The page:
ARMMEA-Field Methods and Experimentation in Environmental Archaeology

Module Provider: Archaeology
Number of credits: 10 [5 ECTS credits]
Level:7
Terms in which taught: Autumn / Spring term module
Pre-requisites:
Non-modular pre-requisites:
Co-requisites:
Modules excluded:
Module version for: 2016/7

Module Convenor: Prof Martin Bell

Email: m.g.bell@reading.ac.uk

Summary module description:
The techniques used in assessing the geoarchaeological and environmental archaeological potential of sites as part of the planning and development process are reviewed. Practical field skills are developed in using key techniques. The student learns how to write a geoarchaeological and environmental archaeological contribution to an assessment report. The contribution of field experiment and methods to the investigation of geoarchaeological and palaeoenvironmental problems is reviewed.

Aims:
• We examine current field methods and professional practice. This is in the context of the planning process and conservation strategies.
• Knowledge is acquired on the applications of coring, test pitting and other assessment methods including the core description and graphical presentation and the assessment of the biological potential of contexts sampled.
• We consider what experimental approaches can contribute to an understanding of the sediments, biological evidence and artefacts which archaeologists encounter in the field.

Assessable learning outcomes:
The ability to prepare an assessment of an archaeological site buried in sediments as part of the planning process. The exercise includes coring, core description identification of the potential of biological evidence and graphical representation of the survey data. The report forms the assessed component of the course.

Additional outcomes:
• Working as part of a team to produce the data required in a field exercise.
• Skills in the evaluation of appropriate methods and technique.
• An appreciation of the role of experimental methods in the solution of archaeological and palaeoenvironmental research questions.

Outline content:
• Archaeological assessments, the planning and legal process in relation to archaeology, nature and earth science conservation, including 'green developments'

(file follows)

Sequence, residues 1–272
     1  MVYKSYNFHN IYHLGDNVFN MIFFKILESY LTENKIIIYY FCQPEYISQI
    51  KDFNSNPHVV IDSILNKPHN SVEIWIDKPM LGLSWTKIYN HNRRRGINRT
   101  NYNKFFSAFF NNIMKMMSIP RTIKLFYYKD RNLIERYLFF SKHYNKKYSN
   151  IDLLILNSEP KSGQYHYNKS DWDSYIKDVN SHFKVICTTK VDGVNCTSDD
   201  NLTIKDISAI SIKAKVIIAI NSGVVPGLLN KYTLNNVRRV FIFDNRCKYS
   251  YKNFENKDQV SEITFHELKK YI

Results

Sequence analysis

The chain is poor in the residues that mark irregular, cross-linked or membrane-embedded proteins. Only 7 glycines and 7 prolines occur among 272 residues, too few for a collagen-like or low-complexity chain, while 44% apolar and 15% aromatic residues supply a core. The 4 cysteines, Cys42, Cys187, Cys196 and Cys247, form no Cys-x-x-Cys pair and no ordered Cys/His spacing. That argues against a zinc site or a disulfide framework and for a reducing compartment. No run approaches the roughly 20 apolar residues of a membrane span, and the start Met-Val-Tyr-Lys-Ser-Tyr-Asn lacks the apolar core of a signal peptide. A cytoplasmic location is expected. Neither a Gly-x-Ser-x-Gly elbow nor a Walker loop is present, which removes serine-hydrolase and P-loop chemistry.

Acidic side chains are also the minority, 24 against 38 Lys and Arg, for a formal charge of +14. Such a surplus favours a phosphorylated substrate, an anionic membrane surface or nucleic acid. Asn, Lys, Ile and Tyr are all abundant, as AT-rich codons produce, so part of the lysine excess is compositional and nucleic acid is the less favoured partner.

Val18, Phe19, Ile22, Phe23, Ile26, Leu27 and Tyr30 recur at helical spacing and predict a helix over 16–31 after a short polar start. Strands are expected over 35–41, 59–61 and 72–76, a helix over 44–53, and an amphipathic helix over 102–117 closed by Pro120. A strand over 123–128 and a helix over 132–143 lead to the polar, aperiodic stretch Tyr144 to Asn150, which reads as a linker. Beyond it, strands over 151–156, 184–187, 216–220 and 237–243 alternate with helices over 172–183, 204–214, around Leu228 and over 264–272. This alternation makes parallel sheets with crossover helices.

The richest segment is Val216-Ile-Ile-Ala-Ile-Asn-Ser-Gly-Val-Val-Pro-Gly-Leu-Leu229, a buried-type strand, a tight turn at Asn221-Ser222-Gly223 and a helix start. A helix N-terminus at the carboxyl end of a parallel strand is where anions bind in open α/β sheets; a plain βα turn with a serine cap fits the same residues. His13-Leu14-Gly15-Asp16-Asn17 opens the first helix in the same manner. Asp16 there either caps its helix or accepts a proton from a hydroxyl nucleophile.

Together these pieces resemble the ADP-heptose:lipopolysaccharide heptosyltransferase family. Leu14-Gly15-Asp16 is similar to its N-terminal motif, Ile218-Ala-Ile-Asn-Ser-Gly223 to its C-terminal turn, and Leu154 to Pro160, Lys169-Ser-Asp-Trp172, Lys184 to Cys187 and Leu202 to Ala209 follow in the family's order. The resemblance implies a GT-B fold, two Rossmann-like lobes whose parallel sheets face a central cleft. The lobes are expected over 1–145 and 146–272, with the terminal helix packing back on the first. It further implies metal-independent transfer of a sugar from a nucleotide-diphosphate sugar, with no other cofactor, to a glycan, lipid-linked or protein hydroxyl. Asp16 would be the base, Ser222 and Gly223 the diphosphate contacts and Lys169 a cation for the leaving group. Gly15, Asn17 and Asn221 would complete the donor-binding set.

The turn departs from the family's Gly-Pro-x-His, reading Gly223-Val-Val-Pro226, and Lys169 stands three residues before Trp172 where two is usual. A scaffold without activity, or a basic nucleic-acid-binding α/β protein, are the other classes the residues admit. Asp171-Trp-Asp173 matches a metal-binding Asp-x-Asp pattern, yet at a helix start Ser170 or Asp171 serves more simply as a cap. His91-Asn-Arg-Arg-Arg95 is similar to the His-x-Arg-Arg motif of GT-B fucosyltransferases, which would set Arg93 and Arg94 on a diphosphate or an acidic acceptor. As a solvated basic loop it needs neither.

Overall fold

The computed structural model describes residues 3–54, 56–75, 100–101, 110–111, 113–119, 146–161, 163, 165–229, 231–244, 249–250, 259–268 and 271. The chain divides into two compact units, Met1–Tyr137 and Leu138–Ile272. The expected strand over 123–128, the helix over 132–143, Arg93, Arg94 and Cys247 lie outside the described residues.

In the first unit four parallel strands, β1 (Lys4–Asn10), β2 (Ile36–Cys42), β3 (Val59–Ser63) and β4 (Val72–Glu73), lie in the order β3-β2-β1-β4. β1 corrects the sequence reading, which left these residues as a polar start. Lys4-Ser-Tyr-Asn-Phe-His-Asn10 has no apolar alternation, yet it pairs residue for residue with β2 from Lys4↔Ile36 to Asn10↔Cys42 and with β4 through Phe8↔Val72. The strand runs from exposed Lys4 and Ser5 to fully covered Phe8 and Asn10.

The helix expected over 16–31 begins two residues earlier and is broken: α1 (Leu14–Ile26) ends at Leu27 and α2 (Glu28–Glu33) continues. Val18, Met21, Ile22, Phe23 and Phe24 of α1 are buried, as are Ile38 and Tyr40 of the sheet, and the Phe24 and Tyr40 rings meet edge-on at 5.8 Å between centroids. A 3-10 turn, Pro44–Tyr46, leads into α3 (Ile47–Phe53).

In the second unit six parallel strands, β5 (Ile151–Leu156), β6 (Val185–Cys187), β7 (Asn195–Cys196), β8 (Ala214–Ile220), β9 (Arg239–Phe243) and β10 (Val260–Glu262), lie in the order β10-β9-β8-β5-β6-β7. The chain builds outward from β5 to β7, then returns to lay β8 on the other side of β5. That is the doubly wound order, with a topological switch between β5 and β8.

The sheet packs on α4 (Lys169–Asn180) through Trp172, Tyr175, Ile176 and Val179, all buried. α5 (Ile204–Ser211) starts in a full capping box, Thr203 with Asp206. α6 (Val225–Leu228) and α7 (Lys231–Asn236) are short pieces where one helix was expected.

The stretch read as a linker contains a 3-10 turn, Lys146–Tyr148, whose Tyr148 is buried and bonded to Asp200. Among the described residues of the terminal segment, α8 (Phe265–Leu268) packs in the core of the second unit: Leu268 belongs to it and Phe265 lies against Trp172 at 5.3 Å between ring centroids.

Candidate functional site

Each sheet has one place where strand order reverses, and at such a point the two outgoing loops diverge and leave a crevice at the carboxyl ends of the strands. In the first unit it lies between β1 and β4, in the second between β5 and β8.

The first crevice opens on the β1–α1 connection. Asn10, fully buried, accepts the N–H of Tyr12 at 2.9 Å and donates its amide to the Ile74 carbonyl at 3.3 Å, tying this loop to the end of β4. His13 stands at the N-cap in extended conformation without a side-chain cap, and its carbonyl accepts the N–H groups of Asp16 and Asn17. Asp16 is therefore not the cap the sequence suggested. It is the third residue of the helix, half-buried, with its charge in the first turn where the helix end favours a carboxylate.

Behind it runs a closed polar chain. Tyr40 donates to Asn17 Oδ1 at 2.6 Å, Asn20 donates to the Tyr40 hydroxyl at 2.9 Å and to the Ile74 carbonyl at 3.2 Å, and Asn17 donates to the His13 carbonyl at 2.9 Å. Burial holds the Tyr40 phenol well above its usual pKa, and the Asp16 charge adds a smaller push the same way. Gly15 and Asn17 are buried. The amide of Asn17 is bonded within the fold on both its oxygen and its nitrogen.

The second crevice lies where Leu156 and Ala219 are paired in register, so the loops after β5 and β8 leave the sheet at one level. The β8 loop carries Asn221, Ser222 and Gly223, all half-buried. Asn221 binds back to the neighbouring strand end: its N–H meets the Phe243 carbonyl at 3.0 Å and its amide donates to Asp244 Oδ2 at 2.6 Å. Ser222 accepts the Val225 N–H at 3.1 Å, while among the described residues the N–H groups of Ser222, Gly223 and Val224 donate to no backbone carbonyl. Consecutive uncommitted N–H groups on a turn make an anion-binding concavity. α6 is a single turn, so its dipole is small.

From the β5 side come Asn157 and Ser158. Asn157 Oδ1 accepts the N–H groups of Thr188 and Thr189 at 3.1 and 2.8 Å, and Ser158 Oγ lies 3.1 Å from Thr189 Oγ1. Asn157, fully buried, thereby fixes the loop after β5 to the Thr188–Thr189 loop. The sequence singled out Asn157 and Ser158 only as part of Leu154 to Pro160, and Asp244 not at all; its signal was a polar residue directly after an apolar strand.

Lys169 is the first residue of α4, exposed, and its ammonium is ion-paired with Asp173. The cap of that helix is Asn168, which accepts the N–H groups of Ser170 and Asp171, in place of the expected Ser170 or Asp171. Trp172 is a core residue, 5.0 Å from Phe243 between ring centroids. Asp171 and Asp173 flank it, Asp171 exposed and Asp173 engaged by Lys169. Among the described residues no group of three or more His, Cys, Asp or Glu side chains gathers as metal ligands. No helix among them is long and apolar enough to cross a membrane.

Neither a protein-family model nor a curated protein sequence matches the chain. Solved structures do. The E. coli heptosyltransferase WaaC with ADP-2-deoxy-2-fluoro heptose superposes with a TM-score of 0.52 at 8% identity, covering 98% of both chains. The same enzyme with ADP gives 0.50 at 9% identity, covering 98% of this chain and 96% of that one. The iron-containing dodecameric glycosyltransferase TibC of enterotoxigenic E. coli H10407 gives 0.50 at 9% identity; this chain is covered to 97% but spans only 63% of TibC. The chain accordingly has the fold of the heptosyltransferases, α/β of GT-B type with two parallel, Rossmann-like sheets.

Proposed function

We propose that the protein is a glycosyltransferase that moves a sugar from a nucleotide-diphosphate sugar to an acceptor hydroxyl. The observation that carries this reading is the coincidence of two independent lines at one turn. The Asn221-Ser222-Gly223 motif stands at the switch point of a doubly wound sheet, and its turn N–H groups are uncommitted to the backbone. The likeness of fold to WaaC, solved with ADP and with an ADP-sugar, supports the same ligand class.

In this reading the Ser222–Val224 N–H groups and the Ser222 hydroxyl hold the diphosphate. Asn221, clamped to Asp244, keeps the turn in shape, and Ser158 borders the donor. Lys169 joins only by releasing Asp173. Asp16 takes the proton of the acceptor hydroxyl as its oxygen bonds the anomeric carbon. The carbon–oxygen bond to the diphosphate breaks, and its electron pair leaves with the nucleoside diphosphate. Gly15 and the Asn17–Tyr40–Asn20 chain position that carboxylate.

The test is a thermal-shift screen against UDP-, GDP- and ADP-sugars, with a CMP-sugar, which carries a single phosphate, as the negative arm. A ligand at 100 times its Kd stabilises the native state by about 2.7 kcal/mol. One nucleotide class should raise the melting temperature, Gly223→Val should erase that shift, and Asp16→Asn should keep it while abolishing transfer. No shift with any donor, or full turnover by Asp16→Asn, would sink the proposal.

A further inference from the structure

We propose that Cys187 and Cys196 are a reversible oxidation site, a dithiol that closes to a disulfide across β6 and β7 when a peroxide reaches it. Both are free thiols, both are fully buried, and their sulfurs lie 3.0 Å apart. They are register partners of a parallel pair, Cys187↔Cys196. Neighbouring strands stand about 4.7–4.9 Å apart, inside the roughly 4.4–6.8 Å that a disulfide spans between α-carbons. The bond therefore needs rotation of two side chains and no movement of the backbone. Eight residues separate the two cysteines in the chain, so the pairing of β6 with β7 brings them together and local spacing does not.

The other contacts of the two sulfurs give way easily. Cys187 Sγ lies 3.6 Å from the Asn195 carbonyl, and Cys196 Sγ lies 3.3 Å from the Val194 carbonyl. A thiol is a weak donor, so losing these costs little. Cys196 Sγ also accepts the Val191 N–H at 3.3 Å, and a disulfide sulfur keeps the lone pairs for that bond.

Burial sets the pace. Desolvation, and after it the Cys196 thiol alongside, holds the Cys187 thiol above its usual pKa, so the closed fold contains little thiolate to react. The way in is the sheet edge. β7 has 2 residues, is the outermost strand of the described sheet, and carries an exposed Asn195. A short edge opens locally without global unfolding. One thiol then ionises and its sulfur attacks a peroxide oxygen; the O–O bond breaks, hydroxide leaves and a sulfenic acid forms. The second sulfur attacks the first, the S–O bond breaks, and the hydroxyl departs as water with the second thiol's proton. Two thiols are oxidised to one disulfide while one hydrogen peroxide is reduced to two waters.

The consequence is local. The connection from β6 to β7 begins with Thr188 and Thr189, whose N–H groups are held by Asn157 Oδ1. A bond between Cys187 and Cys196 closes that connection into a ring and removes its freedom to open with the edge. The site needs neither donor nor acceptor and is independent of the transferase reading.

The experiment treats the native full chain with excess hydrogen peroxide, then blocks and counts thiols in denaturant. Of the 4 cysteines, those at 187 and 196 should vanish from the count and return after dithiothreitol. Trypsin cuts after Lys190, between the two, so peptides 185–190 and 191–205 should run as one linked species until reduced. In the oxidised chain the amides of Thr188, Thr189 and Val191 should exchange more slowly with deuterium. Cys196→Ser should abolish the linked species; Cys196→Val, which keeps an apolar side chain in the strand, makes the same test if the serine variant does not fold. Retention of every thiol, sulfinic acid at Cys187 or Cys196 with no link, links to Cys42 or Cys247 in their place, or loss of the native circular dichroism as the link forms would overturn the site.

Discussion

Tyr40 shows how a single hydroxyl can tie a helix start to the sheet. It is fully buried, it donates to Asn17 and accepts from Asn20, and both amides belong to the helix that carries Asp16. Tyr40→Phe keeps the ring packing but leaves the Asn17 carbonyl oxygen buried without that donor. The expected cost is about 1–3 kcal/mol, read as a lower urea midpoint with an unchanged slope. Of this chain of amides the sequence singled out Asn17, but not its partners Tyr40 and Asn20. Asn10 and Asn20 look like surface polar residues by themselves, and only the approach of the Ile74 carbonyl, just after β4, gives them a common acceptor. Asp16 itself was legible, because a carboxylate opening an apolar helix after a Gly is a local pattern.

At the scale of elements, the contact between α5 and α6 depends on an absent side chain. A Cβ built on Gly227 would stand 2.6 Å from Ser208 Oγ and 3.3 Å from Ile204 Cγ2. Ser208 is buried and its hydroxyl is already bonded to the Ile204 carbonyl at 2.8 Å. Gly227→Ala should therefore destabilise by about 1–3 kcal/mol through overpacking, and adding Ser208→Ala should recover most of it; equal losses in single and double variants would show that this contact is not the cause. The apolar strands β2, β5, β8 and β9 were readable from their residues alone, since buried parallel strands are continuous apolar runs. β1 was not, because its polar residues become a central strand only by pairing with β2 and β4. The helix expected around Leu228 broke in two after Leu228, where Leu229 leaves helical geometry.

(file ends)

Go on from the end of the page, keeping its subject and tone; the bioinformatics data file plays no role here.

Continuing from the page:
• Coring and test pitting • Graphical representation of field results
• Archaeological geophysics: archaeological survey methods and interpretation and techniques applicable to deep stratigraphy.
• The role of experimental methods in geoarchaeology
• Case studies and critique of the application of geoarchaeological and other palaeoenvironmental methods.

Global context:
Environmental assessment is a key part of the sustainable use of resources and environments and is part of the planning system in most countries. This course looks at the contribution of geoarchaeological techniques to heritage and environmental conservation.

Brief description of teaching and learning methods:
The course includes lectures and practical sessions on core description, geophysics and land-claim. There is a one-day coring exercise, which forms the basis for a written assessed report. The contribution of experiment to the development of geoarchaeology is considered in a lecture and in field visits to Butser Experimental Farm. This forms part of a one day visit to English Heritage’s Centre for Archaeology at Fort Cumberland, Portsmouth. Case studies include the geoarchaeology of land claim.

Contact hours:
  Autumn Spring Summer
Lectures 17
Tutorials 1
Practicals classes and workshops 9
Fieldwork 10
External visits 10
Guided independent study 53
       
Total hours by term 100.00
       
Total hours for module 100.00

Summative Assessment Methods:
Method Percentage
Report 100

Other information on summative assessment:
Coursework:
1 field assessment report.
Relative percentage of coursework: 100%

Formative assessment methods:

Penalties for late submission:

Penalties for late submission on this module are in accordance with the University policy. Please refer to page 5 of the Postgraduate Guide to Assessment for further information: http://www.reading.ac.uk/internal/exams/student/exa-guidePG.aspx
Penalties for late submission on this module are in accordance with the University policy. Please refer to page 5 of the Postgraduate Guide to Assessment for further information: http://www.reading.ac.uk/internal/exams/student/exa-guidePG.aspx

Length of examination:
N/A

Requirements for a pass:
50%

Reassessment arrangements:
Resubmission of coursework by 22nd August, but it cannot carry forward more than a pass mark.

Additional Costs (specified where applicable):

Last updated: 21 December 2016

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